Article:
Abu Brima of Christian Aid partner Network Movement for Justice and Development (NMJD) says: "The war can only really be over when we begin to address some of the root causes."
These causes include corruption and mismanagement of the economy, neglect of rural areas and lack of opportunities for young people.
The war was declared over by President Tejan Kabbah during a symbolic weapon burning ceremony on January 18th 2002. Celebrations followed, but the real turning point came after the presidential and parliamentary elections in May.
Sierra Leone has a history of violence at election times so their peaceful conclusion was met with a huge sense of relief, inspiring a new optimism. People who left the country are now returning to start their lives again and destroyed buildings are being rebuilt or rehabilitated
But Sierra Leone is still the poorest country in the world, according to the United Nations. There are massive humanitarian needs and the trauma among the many who suffered atrocities during the war remains.
Although agriculture employs two thirds of the population, the country does not produce enough food for the people to live on. Displaced farmers are coming back to their villages to see their farms totally overgrown and have no seeds and tools to start again.
Those that are growing crops are not getting a fair price for them because of cheap imported goods or middlemen who are not prepared to give them a fair price.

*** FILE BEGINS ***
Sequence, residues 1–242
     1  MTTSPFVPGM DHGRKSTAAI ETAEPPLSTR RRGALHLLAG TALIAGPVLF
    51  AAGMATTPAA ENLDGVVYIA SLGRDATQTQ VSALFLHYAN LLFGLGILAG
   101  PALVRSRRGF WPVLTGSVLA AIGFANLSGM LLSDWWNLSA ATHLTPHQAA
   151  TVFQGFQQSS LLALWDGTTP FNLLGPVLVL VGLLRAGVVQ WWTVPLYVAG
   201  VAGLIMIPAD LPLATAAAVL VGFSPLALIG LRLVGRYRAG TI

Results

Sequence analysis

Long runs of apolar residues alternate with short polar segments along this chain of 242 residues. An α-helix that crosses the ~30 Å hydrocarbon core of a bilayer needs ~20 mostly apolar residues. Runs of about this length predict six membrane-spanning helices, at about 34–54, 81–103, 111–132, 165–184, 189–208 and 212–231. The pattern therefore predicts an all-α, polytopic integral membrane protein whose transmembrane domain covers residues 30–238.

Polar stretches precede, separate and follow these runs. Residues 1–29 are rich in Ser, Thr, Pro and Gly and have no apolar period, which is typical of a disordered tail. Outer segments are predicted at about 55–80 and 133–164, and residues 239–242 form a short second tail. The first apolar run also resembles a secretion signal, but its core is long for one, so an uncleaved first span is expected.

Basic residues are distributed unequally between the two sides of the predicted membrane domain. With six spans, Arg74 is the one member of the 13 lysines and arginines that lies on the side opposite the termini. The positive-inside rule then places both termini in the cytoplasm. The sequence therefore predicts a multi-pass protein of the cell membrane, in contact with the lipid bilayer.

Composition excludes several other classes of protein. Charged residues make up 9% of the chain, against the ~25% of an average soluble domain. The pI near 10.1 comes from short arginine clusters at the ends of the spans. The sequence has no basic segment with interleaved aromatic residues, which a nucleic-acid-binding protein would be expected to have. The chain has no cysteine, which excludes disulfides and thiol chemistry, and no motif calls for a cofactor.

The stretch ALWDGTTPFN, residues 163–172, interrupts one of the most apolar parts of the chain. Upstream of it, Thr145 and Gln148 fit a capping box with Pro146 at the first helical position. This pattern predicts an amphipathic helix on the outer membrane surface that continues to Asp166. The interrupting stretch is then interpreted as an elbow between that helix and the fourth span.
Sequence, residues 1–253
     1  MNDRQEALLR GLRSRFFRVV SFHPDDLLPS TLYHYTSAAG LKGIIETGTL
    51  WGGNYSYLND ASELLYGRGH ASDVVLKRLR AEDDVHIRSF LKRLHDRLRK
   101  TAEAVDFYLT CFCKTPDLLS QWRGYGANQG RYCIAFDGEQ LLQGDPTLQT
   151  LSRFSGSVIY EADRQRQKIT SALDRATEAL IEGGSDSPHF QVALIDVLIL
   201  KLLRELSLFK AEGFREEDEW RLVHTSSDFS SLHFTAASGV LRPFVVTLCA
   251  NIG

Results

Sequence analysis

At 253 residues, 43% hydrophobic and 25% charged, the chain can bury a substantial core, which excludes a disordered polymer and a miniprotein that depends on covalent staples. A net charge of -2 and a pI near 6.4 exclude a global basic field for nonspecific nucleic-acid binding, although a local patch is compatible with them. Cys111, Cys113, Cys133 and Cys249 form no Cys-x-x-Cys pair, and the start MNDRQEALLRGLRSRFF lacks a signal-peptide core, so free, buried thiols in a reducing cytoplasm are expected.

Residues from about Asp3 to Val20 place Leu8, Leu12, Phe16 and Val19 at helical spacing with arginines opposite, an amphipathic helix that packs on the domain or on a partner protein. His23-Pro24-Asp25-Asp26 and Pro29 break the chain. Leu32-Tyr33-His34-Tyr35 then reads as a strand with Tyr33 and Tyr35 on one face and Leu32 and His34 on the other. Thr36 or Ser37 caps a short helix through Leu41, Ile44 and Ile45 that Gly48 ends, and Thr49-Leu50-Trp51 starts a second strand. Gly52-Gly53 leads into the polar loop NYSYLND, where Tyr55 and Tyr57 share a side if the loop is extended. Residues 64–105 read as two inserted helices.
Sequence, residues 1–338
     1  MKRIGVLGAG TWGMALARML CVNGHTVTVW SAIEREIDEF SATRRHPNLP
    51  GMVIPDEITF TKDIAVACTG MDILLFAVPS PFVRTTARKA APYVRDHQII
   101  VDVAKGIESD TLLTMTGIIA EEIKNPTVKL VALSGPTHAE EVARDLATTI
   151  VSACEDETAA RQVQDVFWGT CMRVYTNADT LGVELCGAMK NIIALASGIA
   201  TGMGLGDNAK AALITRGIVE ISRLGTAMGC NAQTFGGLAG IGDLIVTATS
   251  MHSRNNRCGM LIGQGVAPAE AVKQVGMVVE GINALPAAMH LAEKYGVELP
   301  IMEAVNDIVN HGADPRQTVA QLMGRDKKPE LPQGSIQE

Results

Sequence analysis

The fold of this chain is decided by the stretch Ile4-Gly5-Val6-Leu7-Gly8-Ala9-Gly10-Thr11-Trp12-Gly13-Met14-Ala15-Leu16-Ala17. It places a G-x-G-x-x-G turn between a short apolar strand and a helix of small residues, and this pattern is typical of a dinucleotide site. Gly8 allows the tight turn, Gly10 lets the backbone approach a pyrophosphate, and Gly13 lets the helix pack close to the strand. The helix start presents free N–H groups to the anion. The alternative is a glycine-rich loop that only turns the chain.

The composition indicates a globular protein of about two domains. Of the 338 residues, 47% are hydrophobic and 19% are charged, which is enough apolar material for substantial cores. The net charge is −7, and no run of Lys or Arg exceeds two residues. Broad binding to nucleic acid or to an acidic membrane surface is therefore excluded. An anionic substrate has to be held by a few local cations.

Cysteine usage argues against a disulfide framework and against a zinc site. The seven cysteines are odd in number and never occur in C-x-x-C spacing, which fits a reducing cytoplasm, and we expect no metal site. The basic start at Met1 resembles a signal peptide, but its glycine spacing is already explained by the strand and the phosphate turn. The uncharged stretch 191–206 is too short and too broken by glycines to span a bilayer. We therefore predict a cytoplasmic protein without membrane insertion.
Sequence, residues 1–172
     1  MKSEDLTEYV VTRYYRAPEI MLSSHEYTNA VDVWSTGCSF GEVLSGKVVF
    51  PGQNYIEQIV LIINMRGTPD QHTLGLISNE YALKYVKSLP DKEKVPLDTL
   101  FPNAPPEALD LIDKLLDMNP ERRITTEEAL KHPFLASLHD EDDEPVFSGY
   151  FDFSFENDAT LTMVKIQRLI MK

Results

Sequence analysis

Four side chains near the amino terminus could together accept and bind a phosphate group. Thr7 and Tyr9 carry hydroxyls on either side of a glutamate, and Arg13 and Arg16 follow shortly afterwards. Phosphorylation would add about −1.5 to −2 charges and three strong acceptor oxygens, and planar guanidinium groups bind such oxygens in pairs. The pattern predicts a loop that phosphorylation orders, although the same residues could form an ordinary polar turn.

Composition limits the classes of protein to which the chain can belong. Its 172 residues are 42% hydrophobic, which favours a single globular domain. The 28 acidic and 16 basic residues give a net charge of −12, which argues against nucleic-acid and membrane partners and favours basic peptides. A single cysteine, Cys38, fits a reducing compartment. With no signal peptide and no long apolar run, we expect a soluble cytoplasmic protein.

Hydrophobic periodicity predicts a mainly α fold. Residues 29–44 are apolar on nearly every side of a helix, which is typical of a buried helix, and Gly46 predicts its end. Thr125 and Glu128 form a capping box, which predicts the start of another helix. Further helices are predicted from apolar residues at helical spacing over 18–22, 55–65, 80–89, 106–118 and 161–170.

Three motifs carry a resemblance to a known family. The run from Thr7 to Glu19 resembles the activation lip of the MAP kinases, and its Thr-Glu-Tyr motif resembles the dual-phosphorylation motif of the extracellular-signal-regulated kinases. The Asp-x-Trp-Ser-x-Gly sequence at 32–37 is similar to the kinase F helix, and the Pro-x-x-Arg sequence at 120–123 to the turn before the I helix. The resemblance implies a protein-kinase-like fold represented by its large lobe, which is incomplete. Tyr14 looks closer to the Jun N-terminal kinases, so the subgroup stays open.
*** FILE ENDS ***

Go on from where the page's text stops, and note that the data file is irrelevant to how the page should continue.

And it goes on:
One farmer in Kailahun, formerly a major coffee and cocoa producing region, says it is hardly worth growing these cash crops as the Lebanese business community have a monopoly on the prices.
Christian Aid partner Association for People's Empowerment is helping communities to become self-sufficient once again by providing rice seed and tools and food for work.
Young people have also suffered because of the war. For many joining the rebels (the Revolutionary United Front) was the only way to make a living, often through looting. "But now the war is over they are still in the same situation or worse. They have missed years of education and schools have been destroyed or are in desperate need of repair. Even for those that are educated there are very few jobs for them to aspire to," says Brima.
NMJD is forming a national youth coalition to enable young people to have a greater influence on the government in terms of education and youth policies.
School violence is a major problem in Sierra Leone. A secondary school football competition in the capital Freetown in December ended in a riot resulting in two deaths and 50 arrests.
"Young people are still traumatised by the war," says Marcel Parkinson of the Methodist Church of Sierra Leone (MCSL). "That is why we are working hard to try and increase tolerance levels in schools and communities. The war may be over but we have a long way to go."
President Kabbah is now attempting to fight corruption through the Anti-Corruption Commission but the problem is still rife. The government has implemented the UN-sponsored export certificate scheme, meaning it is earning more from the export of diamonds but the great majority is still smuggled out of the country.
Christian Aid partners are calling for the government to be more accountable and are raising awareness at a community level on civil rights issues.
"Sierra Leone is a test case for the international community," says Brima. "It has helped us to achieve peace but economic and social reconstruction and recovery is now paramount.
"If this is not facilitated carefully Sierra Leone could degenerate once again into war. People are desperate and will resort to anything. We need meaningful development in this country."